A Tour of Russian Medicine and Nutrition

In 1978 MOTHER EARTH NEWS took part in a tour of the USSR to observe Russian medicine and nutritional practices.


| September/October 1978



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The tour of Russian medicine and nutrition began in Moscow.


PHOTO: MOTHER EARTH NEWS STAFF

Celestial Seasonings (the herb company) and the Citizens Exchange Corps (a non-profit people-to-people program) recently sponsored a three-week, 3,000-mile study-tour of health and nutrition through the Soviet Union. The tour—in between airline travel to and from Russia itself—began in Moscow's Red Square and ended in the northern "white nights" of Leningrad. Most of the trip, however, was spent exploring "the garden of the centenarians" in the Transcaucasian republics of Azerbaijan and Georgia —the ancient, exotic region of the U.S.S.R. between the Caspian and Black Seas where so many people are rumored to live to such ripe old ages.

Sara Pacher, one of MOTHER EARTH NEWS' helpers, went along on the excursion. She reports that, "In search of the ways of the 'long dwellers' of this beautiful, healthful section of the Soviet Union, we met with gerontologists, sociologists, physical therapists, nutritionists, and health spa and farm personnel. Finally, in the small, autonomous republic of Abkhazia on the Black Sea, we even spent some time with a handsome, active 114-year-old tea farm worker who still rides horses and dances in an internationally acclaimed folk group that is mostly made up of centenarians.

"We also discovered, along with modern Russian medicine, a marvelous reliance on the natural cures and techniques found in old Russian folk medicine. 'We first test to see if something works, and then we try to find out why it works,' we were told."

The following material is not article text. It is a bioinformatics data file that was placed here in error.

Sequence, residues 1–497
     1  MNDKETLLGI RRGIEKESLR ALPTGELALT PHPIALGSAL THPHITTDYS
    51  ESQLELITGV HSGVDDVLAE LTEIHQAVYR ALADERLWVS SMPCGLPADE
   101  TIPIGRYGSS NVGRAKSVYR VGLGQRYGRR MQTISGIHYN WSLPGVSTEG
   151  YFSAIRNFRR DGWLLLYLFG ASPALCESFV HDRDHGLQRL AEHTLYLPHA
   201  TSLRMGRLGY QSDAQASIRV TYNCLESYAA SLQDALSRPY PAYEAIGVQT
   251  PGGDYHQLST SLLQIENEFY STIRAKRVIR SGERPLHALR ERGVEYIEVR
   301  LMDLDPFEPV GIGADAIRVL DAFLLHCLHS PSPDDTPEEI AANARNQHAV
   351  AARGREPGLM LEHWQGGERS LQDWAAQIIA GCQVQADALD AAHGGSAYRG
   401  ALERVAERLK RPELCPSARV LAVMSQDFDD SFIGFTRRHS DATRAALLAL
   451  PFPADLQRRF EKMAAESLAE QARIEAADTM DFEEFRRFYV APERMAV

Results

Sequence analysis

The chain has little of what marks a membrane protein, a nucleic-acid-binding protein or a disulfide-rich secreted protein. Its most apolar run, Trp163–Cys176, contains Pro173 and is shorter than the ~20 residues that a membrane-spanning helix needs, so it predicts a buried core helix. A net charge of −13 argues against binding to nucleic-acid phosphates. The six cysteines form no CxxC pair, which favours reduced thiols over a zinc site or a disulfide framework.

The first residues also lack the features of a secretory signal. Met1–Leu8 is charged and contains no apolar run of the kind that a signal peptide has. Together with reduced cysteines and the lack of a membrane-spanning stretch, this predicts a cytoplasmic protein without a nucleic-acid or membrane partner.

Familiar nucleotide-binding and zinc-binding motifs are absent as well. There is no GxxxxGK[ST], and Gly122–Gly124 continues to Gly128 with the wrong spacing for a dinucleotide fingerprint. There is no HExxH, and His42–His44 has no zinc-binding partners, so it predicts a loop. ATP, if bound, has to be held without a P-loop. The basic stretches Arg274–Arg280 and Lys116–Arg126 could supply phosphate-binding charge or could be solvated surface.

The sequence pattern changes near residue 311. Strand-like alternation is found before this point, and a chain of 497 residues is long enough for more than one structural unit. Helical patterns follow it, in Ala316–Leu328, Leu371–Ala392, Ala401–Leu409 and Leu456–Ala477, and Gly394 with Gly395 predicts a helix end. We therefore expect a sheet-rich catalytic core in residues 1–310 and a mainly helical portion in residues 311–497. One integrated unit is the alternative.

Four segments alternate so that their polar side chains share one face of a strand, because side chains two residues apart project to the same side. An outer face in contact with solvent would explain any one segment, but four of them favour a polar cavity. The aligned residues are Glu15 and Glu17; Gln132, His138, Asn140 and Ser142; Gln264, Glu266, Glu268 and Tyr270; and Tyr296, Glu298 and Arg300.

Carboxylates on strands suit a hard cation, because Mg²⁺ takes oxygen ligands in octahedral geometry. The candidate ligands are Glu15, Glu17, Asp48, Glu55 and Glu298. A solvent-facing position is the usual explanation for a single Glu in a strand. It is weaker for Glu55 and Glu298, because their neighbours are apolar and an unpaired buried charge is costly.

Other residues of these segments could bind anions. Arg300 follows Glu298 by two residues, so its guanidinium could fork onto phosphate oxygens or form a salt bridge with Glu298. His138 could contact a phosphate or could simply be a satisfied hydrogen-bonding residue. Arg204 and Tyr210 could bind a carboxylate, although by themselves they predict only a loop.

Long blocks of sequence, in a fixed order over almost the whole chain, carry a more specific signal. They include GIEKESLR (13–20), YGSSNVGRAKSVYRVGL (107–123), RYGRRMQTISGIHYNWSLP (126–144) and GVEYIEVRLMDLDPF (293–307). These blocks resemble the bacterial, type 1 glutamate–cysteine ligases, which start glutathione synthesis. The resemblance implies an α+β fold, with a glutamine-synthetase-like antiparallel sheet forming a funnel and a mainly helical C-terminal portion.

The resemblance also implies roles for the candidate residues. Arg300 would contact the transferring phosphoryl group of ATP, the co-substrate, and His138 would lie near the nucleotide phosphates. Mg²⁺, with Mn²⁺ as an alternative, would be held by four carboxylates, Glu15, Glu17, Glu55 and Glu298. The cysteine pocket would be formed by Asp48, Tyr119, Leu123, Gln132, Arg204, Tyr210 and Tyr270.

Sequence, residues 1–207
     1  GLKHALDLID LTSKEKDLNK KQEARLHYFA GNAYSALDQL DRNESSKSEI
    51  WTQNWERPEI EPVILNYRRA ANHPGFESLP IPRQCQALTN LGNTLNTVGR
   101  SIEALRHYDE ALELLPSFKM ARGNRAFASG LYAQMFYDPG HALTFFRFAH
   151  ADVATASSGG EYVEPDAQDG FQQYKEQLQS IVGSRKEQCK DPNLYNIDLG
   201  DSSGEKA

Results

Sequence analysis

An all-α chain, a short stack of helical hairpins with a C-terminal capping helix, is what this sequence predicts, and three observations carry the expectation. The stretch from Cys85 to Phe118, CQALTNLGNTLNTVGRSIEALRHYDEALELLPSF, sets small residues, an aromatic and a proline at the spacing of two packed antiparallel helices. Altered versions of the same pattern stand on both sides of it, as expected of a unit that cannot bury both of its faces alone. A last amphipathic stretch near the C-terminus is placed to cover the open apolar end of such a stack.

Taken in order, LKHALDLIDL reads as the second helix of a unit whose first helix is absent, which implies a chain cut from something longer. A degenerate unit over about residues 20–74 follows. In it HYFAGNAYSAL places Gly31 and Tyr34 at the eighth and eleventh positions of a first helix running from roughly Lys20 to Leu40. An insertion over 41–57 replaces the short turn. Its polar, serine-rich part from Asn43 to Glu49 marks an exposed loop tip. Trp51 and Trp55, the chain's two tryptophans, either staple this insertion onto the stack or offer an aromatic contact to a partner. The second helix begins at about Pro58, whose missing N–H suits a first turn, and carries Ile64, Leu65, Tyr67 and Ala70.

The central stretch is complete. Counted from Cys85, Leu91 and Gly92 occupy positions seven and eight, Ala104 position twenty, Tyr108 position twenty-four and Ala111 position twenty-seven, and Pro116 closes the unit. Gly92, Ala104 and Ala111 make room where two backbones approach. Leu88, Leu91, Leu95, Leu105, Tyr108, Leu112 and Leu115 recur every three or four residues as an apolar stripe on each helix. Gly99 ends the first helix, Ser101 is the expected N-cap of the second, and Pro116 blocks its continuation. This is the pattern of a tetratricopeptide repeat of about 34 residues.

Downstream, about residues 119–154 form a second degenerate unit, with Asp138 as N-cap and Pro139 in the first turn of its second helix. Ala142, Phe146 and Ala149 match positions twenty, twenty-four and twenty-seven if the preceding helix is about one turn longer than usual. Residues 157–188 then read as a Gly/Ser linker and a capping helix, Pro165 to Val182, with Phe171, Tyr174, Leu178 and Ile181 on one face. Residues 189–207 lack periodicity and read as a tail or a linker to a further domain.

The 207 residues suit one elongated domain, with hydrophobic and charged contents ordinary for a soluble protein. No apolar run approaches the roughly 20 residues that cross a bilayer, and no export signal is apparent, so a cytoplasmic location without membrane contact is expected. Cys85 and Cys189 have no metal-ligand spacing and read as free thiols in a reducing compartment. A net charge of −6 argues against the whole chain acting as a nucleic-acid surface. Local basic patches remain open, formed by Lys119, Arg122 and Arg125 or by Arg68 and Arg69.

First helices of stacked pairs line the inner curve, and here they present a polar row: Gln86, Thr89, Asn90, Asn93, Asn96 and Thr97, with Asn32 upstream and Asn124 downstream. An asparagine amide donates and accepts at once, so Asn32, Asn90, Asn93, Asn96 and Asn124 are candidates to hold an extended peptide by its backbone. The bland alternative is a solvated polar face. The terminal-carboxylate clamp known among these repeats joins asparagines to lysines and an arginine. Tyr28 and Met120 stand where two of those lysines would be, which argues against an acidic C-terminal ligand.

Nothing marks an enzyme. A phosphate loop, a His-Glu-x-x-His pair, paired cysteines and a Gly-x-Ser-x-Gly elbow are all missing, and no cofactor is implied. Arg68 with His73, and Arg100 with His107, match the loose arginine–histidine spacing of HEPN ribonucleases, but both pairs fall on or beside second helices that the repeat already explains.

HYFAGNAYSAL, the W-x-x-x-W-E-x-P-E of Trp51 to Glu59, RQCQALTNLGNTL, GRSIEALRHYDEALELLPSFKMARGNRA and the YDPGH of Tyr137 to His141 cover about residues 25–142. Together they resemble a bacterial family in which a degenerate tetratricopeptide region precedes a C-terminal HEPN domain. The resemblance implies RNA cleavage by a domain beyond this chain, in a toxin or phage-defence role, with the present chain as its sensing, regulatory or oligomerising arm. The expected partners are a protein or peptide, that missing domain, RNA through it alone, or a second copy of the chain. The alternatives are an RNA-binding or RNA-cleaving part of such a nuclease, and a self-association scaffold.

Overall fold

Sara further reports that in the U.S.S.R.—where health care is considered "the property of the people" and is free of charge—an ounce of prevention really is considered to be less expensive than a pound of cure.

"There is a strong emphasis on preventing a disease entirely or arresting it in its early stages," Sara says. "This might involve a four-week 'rest cure' in one of the country's garden-like health spas with a scientifically prescribed regimen of mineral and mud baths. Or electric, sonar, and light therapy. Or inhalation treatments of mineral waters and herbs. Or simply diet, exercise, and climate. The trade unions have found that a sanitarium set up in one of the health resorts can pay for itself in four years with increased worker production and lessened sick leave."

Sara's group also visited a city-run Zona Zdorovia (Health Zone) in Baku on the Caspian Sea. "It was particularly popular with retired people," she notes, "and featured early morning, outdoor exercises accompanied by accordion music, short sea voyages, hiking, and breathing the negatively charged ions of such 'curative' plants as rosemary, geraniums, and laurel. Massages and self-massages, music therapy (singing, to teach proper breathing techniques ... and listening to carefully selected music, to relieve depression and effect cures), and games—volleyball, table tennis, basketball, etc.—were also on the Health Zone program. 'Coordination,' we were told, 'is not lost through old age but through disuse.' "





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